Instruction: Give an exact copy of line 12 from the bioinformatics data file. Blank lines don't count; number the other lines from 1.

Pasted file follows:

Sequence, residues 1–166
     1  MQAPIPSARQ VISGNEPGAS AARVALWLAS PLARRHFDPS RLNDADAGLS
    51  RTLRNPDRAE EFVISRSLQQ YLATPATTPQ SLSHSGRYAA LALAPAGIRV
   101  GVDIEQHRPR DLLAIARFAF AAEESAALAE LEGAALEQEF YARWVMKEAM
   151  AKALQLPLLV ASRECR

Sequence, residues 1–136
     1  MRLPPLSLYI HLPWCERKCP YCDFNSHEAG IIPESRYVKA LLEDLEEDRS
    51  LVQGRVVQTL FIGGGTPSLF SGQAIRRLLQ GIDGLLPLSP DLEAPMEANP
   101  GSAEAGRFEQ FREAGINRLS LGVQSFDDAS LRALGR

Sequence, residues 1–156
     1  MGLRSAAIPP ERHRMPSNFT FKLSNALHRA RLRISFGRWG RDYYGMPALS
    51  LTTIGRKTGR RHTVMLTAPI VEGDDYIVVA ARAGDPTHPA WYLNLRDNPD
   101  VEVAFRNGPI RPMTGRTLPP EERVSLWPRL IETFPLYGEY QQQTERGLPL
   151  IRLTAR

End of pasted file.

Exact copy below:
    51  LTTIGRKTGR RHTVMLTAPI VEGDDYIVVA ARAGDPTHPA WYLNLRDNPD